That is how we have our Moms profiled. That is also why we don’t express our thanks to them like we should, because we’ve got them all psychoanalyzed – they just are so ecstatic when they wash dishes, clean the toilets, scrub the floors, and vacuum the rugs. The fact is, if mom grumbled from time to time when she patched shirts or sewed on buttons instead of looking so happy and loving, we no doubt would make more of an effort to tell her how much we appreciated her and all that she does for us. But she doesn’t, at least mine never did, which is why I regret to this day not thanking her enough.
It reminds me of the story of little Willie and his mother. They were traveling together on a train. There was a lady across the aisle who was smiling so lovingly at little Willy. He went to her and she gave him an orange. She was such a happy, giving soul. Willy brought the orange to his mother, and mother asked Willy, “Did you say thanks to the lady Willy?” Willy said, “No mother, I didn’t.” Mother quickly asked, “Did you say anything to her?” Willy said, “Yes, I asked her if she would please peel it.” So the little poem puts it so well:
“DON’T MOTHER BIRDS AFTER SOME WEEKS OF LOOKING AT THOSE UPTURNED
BEAKS DELIBERATELY THE FOOD DELAY, HOPING TO HEAR THEIR GOSLINGS
FINALLY SAY THANK YOU MOM FOR THE GOOD FOOD TODAY?”
I think sometimes that the world and even some Christians have a very stoic and even somber concept of God. Of course, the mentality of the ancient Stoics has been infamous and singular in history. Passions perturbed them, and emotions angered them, all of which showed that they themselves were very passionate and emotional people. Sorrow in their esteem was a sin, which of course would mean by their standards that when Jesus wept at the death of Lazarus, He sinned. Anger was even a worse defect in man according to them, which made the Apostle Paul’s advice to be angry and sin not a standing contradiction to their philosophy. And joyfulness and rejoicing was viewed as total extravagance and out of place.
Well then, God Himself would be considered indecent and emotionally unbalanced, for we read in the Bible in no uncertain terms that God is a joyful God. In fact, we are told in Nehemiah 8:10 that,
‘…Do not be grieved, for the joy of the Lord is your strength.”
Joyless people are weak people because they do not have the strong immune system of Divine joy to ward off heaviness, darkness and depression.
When I think of God’s joy, I think of something so full and robust, and I know that is what makes Heaven what it is – an incredibly joyful place full of God’s overflowing and celebrating joy. We read in Zephaniah 3:17,
“The Lord your God is in your midst, a victorious warrior. He will exult over you with joy,
He will be quiet in His love, He will rejoice over you with shouts of joy.”
God does not rejoice quietly. He is very loud! No stoicism here. God gets a really huge and joyful bang out of His children. He joyfully and loudly with shouts of joy celebrates them. Meet your God! Why else, please tell me, would the Father in the story of the prodigal son throw a homecoming party and invite everyone to come and rejoice with Him, for he had found his son who was lost but now was found, who was dead but was now alive? That Father is our God! And of course, wouldn’t you just know it, that the fruit of the Holy Spirit is joy! (Galatians 5:22) Get used to it!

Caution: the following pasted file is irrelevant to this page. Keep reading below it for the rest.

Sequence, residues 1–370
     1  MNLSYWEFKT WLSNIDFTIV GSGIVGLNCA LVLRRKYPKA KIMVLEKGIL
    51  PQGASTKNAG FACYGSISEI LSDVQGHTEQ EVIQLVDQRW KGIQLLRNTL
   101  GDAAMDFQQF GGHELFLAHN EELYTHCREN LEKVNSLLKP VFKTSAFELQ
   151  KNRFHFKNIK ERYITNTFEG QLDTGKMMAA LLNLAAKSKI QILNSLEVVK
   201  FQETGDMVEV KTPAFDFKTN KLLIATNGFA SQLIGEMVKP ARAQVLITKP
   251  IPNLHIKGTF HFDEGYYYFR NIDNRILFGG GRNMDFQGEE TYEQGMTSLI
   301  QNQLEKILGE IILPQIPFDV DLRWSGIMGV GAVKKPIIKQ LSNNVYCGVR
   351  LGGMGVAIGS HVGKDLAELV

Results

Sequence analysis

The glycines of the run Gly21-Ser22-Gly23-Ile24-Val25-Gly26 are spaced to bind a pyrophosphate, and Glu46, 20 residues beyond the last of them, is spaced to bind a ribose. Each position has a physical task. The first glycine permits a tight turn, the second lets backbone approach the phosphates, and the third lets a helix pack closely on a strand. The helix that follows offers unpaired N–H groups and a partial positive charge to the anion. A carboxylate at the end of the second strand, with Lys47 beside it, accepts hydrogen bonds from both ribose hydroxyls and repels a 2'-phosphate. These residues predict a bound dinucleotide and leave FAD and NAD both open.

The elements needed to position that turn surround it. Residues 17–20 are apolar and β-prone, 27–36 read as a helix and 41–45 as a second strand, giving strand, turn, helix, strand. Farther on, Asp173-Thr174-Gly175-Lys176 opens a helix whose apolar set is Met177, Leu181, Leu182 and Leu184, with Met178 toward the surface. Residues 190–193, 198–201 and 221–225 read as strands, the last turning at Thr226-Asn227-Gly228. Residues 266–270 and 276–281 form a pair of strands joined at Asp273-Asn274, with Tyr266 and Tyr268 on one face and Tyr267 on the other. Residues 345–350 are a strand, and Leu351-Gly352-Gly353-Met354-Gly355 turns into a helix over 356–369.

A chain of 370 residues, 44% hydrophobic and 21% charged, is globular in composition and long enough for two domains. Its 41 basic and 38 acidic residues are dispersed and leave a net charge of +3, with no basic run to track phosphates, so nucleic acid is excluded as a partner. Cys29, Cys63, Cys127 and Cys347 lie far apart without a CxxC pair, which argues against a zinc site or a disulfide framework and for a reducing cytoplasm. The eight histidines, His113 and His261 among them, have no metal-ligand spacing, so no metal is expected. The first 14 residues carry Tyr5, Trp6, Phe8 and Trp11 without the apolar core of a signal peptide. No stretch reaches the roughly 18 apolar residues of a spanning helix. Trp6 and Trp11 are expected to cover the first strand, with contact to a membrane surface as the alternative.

Of course, our Lord and Savior was seen at times to weep, to be sorrowful, to have pity, and yes, to be downright ticked off. I am afraid that many religious folks’ God-idea doesn’t go beyond those moments. They can’t for the life of them bring themselves to conceive of or believe in a really joyful and upbeat Christ. It blows their entire God-concept thing, and it also takes away their justification for being so sad and angry so much of the time. After all, Jesus was! No, not like that, and certainly not His most basic self!
We read of Jesus telling the story of the man who had a hundred sheep, and one got lost. And when he found the poor lost sheep, we read in Luke 15:5,
“He lays it on His shoulders rejoicing.”
Who was He talking about there? Himself! The Good Shepherd has a hallelujah party every time a lost and lonely sheep comes home to God. In fact, He invites His friends and neighbors over to have a joy party with Him. (Luke 15:6) And not only that, but He goes on to say that Heaven erupts into joy over one sinner that repents more than it rejoices over the other ninety-nine church people who are safely week after week in their pews. So God in Heaven doesn’t celebrate over the ninety-nine? Wrong! He already told us elsewhere that He shouts with joy over His children. But it is even greater joy over a repentant sinner! How great is that?
What’s my point? I really don’t need a point, for I just love thinking about my Savior’s joy over me and you. But I do have a point, and it all has to do with Healed Leper #8. We read about Jesus in Hebrews 12:2,
“...Who for the joy set before Him, endured the cross, despising the shame….”
If you have this idea that Jesus Christ all of His earthly life long-faced His Calvary future, begrudging and sulking over His entire mission, you are wrong. He walked in joy over the great anticipation of one day sitting on the throne of Heaven at the right hand of His Father having brought many sons to glory with Him. (Hebrews 2:10) Maybe if He had complained more throughout His earthly life about His upcoming suffering and death, we would then be much more sensitive to the enormity and agony of what He did, and thank Him more accordingly. But He didn’t complain and therefore is often taken for granted, just like mother.
9. Mr. I Just Didn’t Think
“I Really Never Gave It Another Thought And Went On My Way”